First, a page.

“Anything one man can imagine, other men can make real”
– Jules Verne, Around the World in Eighty Days
These 30 illustrations appeared in the 1874 edition of From the Earth to the Moon: A Direct Route in 97 Hours, 20 Minutes (French: De la Terre à la Lune, trajet direct en 97 heures 20 minutes), an 1865 novel by Jules Verne (February 8, 1828–March 24, 1905).
The illustrations for Verne’s imaginary voyage might tell the story alone, so we have placed them in order from first to last. Not that Verne’s vivid prose needs help. An avid amateur astronomer and amateur scientist, the man who invented the future, who envisioned an underwater vehicle “all powered by electricity!” in Around The World In 80 Days, undertook obsessive research and fact-checking.
His bright mind inspired others. In 1880, The Pall Mall Gazette described the book’s Columbiad vessel as a ‘space-ship’ – the first recorded use of this term in history.
During their return journey from the Moon, the crew of Apollo 11 made reference to Jules Verne’s book during a TV broadcast on 23 July 1969. The mission’s commander, astronaut Neil Armstrong, said:
“A hundred years ago, Jules Verne wrote a book about a voyage to the Moon. His spaceship, Columbia [sic], took off from Florida and landed in the Pacific Ocean after completing a trip to the Moon. It seems appropriate to us to share with you some of the reflections of the crew as the modern-day Columbia completes its rendezvous with the planet Earth and the same Pacific Ocean tomorrow.”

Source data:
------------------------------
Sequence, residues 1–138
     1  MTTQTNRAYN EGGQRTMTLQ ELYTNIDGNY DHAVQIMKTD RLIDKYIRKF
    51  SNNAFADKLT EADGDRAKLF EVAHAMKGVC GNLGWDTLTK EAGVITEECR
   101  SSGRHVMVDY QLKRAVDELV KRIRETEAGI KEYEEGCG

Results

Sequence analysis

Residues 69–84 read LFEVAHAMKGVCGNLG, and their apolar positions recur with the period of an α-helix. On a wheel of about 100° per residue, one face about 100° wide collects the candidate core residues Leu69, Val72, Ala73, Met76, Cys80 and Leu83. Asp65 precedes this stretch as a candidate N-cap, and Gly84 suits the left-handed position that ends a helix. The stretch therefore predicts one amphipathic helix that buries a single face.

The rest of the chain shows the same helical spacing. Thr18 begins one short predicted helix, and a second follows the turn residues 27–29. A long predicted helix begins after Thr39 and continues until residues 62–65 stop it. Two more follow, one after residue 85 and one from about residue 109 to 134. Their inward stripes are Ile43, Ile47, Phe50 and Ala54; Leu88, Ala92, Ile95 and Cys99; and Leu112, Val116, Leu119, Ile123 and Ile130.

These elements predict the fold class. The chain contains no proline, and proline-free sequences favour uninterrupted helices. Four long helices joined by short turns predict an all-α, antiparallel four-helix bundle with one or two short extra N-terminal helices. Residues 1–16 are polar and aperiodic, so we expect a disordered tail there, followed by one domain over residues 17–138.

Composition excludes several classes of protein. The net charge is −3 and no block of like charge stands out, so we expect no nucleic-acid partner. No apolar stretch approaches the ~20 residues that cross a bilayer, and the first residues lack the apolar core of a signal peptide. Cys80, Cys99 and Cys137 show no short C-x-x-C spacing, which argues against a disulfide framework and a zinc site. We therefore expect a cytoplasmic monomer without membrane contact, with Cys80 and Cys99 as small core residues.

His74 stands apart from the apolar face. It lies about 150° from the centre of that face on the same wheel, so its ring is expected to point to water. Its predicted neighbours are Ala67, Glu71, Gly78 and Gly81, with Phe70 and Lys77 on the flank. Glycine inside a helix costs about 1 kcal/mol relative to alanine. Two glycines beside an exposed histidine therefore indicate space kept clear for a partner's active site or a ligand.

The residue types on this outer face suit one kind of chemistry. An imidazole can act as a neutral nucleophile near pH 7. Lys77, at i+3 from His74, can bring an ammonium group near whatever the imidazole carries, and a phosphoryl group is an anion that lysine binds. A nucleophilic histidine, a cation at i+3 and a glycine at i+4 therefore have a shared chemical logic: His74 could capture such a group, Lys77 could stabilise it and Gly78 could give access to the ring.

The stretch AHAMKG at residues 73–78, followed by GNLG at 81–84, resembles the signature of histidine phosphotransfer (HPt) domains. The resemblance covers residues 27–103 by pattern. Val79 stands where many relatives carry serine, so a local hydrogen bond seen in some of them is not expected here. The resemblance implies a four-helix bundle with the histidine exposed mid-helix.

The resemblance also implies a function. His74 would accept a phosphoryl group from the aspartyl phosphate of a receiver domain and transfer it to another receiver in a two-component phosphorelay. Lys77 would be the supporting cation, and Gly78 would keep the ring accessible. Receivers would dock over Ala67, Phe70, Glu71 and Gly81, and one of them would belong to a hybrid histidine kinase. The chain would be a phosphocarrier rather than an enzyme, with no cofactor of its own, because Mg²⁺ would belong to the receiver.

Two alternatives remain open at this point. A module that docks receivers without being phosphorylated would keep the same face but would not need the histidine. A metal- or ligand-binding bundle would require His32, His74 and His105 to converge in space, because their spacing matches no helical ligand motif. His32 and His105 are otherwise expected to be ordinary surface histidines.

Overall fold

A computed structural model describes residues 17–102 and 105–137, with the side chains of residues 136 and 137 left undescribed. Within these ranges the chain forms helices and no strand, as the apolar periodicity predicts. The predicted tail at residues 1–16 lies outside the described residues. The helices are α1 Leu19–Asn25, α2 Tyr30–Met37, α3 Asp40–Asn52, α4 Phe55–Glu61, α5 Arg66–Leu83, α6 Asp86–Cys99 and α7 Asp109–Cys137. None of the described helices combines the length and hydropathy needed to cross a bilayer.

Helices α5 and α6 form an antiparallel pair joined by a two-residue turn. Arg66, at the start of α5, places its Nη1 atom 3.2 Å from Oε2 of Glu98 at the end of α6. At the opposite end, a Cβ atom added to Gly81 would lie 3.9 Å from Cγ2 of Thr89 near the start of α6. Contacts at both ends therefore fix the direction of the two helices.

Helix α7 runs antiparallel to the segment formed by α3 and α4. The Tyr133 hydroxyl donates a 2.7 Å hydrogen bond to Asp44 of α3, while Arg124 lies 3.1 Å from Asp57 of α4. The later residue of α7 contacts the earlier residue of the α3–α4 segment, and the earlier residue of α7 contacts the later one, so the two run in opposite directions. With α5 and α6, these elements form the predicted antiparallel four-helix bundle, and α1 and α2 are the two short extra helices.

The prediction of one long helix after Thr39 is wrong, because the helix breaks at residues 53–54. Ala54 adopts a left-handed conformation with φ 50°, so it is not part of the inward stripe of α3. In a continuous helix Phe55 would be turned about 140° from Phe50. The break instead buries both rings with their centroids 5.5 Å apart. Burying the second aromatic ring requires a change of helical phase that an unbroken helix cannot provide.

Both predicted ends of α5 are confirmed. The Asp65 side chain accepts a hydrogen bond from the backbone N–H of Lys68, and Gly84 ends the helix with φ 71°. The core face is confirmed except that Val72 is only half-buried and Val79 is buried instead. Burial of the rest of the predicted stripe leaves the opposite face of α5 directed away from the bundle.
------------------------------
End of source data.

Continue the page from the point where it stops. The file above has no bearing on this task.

And so to the book’s plot. It tells the story of the Baltimore Gun Club, a post-American Civil War and their attempts to build the enormous Columbiad space gun and launch three people – the Gun Club’s president, his Philadelphian armor-making rival, and a French poet (a character inspired by the real-life photographer Félix Nadar) – in a projectile with the goal of a Moon landing.
Five years later, Verne wrote a sequel called Around the Moon, and the final few illustrations here are from that work. In 1889 Verne wrote a second sequel to the novel, The Purchase of the North Pole, in which the Gun Club members plan to use the Columbiad to alter the tilt of the Earth to enable the mineral wealth of the Arctic region to be put within reach of exploitation.
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